Sunday 17 August 2014 – King’s House Sports Ground, Chiswick
The Tiger in the wild is an endangered species, with perhaps a little over 3,000 still to be found in the jungles of Asia. Fewer still are now being spotted on the cricket fields of England. Indeed, flocks of Canadian geese were more prolific last Sunday at the bleak, windswept and soulless meadow in Chiswick (formerly the Civil Service Sports Ground) where the Tigers, due to a misunderstanding in the team’s organisational machinery, took the field with only ten players yet again.
A heavy lunchtime shower delayed the match for 30 minutes and, with further rain forecast a 30-over contest was agreed by the captains. In the event, there was no more precipitation and the sun shone most of the afternoon. With so many bowlers missing (Chris Dane, Chris Wright and Matt Webster were all absent, not to mention Chris Boden and Simon Warren) the Tigers’ only hope was to win the toss, insert the opposition and attempt to restrict them to a reasonable total that could be chased down.
But the toss was lost and the visitors invited to bat on a pitch and outfield that was still damp. With huge boundaries, a good deal of running between the wickets would be required early on. Unfortunately, there was too much dawdling and only in the last few overs of the innings did the batsmen attempt to increase the tempo. Mike Delanian hit boldly for 26 and Barnaby Pinfield’s vigorous 51 put some meat on the score against some parsimonious fielding from the home side. In the end a total of 142 looked a reasonable effort, but with the field now drying out Whalers had an obvious advantage as the geese nested in the vast outfield or flew overhead in formation, just beneath the interminable jets descending towards Heathrow. Luckily none of the airborne birds deposited their business in anyone’s mouth, unlike the unfortunate Ashley Young at Old Trafford the day before!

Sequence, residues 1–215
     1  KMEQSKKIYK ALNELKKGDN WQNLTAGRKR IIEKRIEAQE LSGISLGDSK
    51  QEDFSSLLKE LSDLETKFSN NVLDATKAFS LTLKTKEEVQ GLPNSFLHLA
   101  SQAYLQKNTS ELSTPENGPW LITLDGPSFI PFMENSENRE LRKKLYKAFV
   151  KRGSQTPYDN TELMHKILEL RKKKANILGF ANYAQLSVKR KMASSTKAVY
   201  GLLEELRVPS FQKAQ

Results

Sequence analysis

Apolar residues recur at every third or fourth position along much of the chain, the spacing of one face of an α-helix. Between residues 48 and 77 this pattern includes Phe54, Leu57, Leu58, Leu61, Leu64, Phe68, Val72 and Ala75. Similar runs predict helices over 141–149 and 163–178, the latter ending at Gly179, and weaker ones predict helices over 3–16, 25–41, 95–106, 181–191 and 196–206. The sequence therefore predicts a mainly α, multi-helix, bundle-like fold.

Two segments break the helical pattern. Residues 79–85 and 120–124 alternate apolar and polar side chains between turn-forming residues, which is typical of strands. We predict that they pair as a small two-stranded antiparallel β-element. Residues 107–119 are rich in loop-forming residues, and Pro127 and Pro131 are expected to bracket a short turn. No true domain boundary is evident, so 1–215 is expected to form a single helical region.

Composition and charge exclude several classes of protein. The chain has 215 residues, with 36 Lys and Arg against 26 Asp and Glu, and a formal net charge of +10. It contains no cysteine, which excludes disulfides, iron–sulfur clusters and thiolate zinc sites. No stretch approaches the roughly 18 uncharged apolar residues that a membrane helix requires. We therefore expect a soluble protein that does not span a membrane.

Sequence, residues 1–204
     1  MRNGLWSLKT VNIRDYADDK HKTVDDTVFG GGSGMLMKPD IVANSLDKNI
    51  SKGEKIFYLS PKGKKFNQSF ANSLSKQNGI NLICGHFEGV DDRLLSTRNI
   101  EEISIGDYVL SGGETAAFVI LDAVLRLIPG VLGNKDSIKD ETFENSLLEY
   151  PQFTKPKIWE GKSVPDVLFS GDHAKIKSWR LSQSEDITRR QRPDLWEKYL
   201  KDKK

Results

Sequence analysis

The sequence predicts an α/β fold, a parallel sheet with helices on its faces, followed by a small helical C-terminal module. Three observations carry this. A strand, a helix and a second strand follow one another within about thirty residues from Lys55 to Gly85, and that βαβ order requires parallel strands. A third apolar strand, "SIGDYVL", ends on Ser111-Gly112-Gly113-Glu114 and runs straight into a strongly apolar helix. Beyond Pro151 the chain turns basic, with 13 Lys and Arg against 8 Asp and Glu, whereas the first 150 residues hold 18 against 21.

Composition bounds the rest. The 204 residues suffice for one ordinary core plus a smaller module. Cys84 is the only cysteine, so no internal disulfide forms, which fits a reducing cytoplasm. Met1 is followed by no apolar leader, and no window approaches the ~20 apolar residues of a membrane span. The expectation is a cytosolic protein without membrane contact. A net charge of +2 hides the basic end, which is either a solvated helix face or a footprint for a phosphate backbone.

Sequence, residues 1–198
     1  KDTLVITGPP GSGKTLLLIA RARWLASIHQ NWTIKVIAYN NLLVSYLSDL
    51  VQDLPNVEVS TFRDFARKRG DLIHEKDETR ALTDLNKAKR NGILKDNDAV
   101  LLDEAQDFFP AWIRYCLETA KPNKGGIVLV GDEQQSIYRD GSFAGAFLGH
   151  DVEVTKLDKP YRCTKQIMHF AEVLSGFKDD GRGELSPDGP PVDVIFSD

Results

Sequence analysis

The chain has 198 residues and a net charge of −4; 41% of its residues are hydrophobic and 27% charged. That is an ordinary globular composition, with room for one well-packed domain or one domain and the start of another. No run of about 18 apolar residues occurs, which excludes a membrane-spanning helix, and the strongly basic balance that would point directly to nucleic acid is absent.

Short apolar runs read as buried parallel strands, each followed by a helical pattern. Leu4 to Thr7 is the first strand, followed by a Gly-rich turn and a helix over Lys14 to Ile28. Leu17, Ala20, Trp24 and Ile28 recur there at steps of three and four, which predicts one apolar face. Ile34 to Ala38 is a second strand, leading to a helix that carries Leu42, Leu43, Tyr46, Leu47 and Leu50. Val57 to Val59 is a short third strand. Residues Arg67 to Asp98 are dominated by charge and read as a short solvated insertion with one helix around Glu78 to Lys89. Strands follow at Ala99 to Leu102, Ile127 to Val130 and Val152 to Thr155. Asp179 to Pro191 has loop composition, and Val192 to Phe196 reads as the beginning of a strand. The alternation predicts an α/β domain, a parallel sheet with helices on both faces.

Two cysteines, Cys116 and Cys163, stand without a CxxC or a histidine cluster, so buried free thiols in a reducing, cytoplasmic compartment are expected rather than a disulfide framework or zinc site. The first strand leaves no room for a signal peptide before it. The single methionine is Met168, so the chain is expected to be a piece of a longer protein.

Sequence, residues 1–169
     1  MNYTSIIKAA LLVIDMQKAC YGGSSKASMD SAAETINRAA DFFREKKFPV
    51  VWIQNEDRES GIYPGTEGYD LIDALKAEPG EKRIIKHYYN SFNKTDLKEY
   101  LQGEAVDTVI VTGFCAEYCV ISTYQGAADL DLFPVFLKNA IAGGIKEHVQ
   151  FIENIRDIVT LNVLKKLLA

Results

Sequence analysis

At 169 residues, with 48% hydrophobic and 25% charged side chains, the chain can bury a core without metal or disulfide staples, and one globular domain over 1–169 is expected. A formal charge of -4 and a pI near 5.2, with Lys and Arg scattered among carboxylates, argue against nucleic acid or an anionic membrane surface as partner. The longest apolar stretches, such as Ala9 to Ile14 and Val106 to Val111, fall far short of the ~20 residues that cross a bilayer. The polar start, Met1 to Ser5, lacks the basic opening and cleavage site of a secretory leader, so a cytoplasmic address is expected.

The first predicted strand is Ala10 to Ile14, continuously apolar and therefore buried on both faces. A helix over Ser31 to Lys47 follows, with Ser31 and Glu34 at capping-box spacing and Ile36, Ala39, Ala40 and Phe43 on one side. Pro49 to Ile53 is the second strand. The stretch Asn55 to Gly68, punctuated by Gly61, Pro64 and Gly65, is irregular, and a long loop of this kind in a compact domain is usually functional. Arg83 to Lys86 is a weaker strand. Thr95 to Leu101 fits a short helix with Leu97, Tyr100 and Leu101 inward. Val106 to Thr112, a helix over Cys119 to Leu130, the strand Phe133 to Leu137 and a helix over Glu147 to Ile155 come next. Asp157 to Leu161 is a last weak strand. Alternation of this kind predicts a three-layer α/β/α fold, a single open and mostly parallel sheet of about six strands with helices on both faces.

The Tigers achieved a couple of early breakthroughs, Barnaby Pinfield (standing up to the wicket for the entire innings due to the lack of pace in the pitch and the bowling) pulled off a smart stumping off John McGirr to out Giles and Steve Bignell held on to a blistering drive from Nicoll at mid-off, but all the bowlers delivered at least one four-ball every over, and together with some much sharper running between the wickets, meant the Whalers were never under pressure to up the run rate. Skipper Craig Murray did his best marshalling the meagre bowling resources and creaking fielders, but it was a Sisyphean task. The leg-side full toss experiment, seemingly abandoned a few weeks earlier, was reintroduced, with the ball being deposited to the outer reaches of the leg boundary with much alacrity and frequency, a shuttle service being required to retrieve it. Opener Terrell benefited most from this generousity, hitting 70 from the first 98 runs before being caught behind chasing a leg-side wide. Bignell bowled the big-hitting Tippin but it was all too little, the Whalers sailing home with more than eight overs to spare.
Overall, a listless performance indicative of the current state of the team, which has now lost six of its last eight matches after winning seven of the first eight. Members’ commitment has fallen steadily as the season has progressed. A look at the attendance register shows only four players have appeared in more than 75% of the fixtures and the club is not currently sustainable at this level. Regular players carrying minor or more serious niggles are having no opportunity to rest or be rotated and this is only exacerbating the problem. The team will therefore have to muddle through its remaining fixtures as best it can when a reassessment of the future will have to be made to consider the following options:
a) Introduce a raft of new players who are prepared to play most weekends (preferably under the age of 50).
b) Merge once again with another club in a similar situation.
c) Wind up the club altogether.